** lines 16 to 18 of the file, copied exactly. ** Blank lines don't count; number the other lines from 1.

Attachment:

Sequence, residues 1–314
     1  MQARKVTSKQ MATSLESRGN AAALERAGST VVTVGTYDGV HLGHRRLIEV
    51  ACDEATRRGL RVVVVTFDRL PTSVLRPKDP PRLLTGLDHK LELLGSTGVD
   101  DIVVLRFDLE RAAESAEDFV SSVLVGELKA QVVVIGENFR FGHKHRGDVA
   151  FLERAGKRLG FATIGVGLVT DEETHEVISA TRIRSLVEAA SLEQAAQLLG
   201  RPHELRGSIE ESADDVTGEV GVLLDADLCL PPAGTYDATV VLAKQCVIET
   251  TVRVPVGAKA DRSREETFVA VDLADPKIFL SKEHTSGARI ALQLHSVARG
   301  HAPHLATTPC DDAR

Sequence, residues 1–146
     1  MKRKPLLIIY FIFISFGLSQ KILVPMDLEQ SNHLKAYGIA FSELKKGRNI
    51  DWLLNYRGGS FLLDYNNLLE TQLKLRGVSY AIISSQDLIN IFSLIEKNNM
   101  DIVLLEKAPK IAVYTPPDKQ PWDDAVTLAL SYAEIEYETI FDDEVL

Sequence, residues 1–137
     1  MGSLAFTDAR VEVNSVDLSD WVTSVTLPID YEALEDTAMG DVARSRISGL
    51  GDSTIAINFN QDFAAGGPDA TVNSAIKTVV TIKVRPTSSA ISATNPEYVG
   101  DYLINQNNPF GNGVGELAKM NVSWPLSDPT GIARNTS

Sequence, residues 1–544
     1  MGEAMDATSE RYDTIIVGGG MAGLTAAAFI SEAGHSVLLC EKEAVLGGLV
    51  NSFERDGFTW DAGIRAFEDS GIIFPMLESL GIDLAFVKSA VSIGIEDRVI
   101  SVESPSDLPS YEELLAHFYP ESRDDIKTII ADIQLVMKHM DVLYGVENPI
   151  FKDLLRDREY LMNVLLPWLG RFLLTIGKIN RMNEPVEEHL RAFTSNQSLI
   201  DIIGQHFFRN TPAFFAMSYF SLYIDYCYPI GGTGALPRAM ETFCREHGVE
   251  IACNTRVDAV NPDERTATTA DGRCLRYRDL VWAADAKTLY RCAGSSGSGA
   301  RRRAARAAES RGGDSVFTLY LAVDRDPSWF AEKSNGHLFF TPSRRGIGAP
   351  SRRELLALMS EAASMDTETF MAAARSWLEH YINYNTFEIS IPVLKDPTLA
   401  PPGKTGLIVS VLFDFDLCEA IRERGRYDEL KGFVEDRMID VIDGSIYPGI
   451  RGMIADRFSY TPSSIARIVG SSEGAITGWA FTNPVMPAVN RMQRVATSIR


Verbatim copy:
   101  DYLINQNNPF GNGVGELAKM NVSWPLSDPT GIARNTS

Sequence, residues 1–544
     1  MGEAMDATSE RYDTIIVGGG MAGLTAAAFI SEAGHSVLLC EKEAVLGGLV